What’s even more amazing is he didn’t get angry and replay his complete past. So often when we get offended by someone we feel the need to replay in detail what happened as if the person needs to be reminded.

Look at how Joseph handled the situation once he revealed to his brothers who he was; “Please, come closer,” he said to them. So they came closer. And he said again, “I am Joseph, your brother, whom you sold into slavery in Egypt. But don’t be upset, and don’t be angry with yourselves for selling me to this place. It was God who sent me here ahead of you to preserve your lives.(Genesis 45:4-5) Only by the Spirit of God was Joseph able to say what he did, do so in love, and acknowledge that God was in control from the beginning and had a purpose.

If we were in Joseph’s shoes I don’t think many of us would have reacted the same way. I’m more inclined to believe (based on personal experience) we would have lashed out in anger and made it a point to discuss every little detail of the offense as a way of rubbing it in their faces.

After reading and studying the life of Joseph I was convicted, my heart was broken as I realized what I had been doing wrong. God used His Word to deal with me. I realized that restoration did not begin with the person that offended me; it began with confessing to God my anger, bitterness and unforgiving heart. God tells us in Matthew 6:14-15; “If you forgive those who sin against you, your heavenly Father will forgive you. But if you refuse to forgive others, your Father will not forgive your sins.” And in Ephesians 4:31 we’re told to “get rid of all bitterness, rage and anger, brawling and slander, along with every form of malice.”

God dealt with my heart, He forgave me. And in my heart I have forgiven the person that hurt me. I no longer have anger or bitterness over the situation or the person. Not only have I forgiven, but like Joseph I have chosen NOT to discuss it any further. I want you to see one more thing about Joseph. Not only did he speak in love and compassion, but he also showed it. Genesis 45:14-15 says; “Then he threw his arms around his brother Benjamin and wept, and Benjamin embraced him, weeping. And he kissed all his brothers and wept over them. Afterward his brothers talked with him.” We don’t know what they talked about, but I’d like to think they spent time getting to know one another again and they enjoyed being together.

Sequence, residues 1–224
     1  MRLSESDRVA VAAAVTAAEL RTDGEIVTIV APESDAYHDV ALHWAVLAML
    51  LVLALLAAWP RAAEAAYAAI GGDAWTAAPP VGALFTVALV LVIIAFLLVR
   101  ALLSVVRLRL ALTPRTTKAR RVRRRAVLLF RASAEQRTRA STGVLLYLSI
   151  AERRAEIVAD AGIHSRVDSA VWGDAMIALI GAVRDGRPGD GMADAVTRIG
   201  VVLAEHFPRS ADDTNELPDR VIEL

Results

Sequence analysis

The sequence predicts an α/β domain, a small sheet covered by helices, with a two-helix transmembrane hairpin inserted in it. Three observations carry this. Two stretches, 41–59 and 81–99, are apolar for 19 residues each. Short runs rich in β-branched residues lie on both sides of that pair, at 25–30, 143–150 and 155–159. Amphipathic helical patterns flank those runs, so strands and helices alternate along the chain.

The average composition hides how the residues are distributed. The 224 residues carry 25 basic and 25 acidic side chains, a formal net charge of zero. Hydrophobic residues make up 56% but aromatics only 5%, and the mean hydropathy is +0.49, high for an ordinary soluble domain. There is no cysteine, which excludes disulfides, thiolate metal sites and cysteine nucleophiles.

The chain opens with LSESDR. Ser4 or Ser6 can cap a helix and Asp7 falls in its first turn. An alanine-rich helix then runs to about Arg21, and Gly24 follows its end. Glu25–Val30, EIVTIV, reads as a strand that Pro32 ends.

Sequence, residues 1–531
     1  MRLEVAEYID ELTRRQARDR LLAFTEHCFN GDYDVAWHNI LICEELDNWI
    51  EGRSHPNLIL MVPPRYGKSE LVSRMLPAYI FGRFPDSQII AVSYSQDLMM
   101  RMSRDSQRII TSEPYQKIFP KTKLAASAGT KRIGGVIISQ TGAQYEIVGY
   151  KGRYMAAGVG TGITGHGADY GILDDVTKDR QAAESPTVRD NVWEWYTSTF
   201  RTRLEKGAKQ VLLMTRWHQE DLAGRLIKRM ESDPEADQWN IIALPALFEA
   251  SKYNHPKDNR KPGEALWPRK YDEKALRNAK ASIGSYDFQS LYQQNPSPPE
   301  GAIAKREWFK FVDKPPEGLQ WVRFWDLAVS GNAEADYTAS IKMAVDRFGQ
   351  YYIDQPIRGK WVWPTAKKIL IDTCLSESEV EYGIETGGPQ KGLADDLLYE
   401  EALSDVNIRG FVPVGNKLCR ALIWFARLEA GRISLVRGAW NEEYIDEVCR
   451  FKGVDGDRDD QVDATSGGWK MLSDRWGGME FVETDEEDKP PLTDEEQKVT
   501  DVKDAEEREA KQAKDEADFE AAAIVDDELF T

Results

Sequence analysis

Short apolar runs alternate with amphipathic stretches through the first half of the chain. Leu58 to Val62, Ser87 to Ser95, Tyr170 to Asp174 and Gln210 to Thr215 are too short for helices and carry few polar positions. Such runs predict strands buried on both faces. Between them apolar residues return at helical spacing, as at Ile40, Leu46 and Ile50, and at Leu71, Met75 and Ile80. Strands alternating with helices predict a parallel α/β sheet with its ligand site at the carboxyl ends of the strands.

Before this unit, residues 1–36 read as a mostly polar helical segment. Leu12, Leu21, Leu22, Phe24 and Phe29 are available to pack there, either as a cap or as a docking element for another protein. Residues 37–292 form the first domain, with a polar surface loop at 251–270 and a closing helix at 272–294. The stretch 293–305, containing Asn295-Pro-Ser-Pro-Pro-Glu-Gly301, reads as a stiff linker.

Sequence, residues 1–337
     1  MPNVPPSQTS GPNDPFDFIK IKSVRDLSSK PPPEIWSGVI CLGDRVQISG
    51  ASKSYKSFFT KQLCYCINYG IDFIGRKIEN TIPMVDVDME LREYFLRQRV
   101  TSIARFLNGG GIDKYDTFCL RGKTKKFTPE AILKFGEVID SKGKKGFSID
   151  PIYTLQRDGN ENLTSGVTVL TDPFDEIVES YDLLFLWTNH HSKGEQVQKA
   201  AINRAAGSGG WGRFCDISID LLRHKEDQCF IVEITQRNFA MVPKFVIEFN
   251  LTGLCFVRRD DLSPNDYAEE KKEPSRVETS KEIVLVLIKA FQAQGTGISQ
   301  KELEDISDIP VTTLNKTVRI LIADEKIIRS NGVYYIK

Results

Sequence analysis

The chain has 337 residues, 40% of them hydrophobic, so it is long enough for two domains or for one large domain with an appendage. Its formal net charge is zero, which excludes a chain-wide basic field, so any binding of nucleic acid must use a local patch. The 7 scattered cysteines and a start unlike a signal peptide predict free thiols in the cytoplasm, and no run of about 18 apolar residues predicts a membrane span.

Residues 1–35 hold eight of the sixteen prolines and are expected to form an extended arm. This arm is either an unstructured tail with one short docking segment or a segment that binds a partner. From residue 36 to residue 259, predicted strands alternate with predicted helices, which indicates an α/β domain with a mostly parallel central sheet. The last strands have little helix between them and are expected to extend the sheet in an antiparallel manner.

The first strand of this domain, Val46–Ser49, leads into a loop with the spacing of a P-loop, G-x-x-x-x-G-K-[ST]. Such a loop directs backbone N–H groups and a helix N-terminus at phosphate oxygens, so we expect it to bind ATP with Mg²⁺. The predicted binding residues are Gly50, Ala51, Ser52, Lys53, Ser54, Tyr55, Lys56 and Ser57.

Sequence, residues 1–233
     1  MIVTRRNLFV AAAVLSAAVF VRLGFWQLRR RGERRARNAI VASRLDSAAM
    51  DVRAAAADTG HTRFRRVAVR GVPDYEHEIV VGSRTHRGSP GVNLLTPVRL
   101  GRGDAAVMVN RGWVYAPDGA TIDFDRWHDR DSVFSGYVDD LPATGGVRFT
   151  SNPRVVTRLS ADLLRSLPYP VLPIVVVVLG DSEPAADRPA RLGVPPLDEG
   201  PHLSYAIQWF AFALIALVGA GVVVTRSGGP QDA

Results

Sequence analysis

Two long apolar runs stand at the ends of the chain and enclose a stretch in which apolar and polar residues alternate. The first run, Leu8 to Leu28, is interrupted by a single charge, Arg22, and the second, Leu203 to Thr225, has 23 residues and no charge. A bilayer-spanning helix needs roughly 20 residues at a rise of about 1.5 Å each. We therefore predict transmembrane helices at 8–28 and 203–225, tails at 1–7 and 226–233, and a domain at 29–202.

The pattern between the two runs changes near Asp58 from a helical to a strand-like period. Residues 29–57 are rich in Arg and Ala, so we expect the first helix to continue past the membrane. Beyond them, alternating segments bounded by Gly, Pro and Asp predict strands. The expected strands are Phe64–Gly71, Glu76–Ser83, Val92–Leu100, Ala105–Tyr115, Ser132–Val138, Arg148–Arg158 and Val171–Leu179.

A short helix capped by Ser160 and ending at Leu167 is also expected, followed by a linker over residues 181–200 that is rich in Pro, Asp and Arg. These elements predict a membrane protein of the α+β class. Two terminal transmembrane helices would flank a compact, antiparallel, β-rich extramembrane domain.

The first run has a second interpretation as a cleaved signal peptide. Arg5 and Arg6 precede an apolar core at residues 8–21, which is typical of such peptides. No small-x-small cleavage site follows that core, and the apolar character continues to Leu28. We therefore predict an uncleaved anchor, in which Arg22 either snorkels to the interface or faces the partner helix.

So how do you respond when someone has offended you? Are you holding onto anger, bitterness and pride? Do you harbor an unforgiving heart toward the person? Do you want justice instead of restoration? Or are you expecting restoration to start with the person that offended you? Restoration of an offense begins within our hearts once we have allowed God to deal with us and we see our true condition. If someone has offended you and you’re holding onto anger, bitterness, pride and an unforgiving heart you will never be free and that is exactly where Satan wants you.




Comments

Picture of Brand

From Brand on January 02, 2013

Assuming the person continues to offend you though you have forgiven and the person doesn’t want to show that he or she is sorry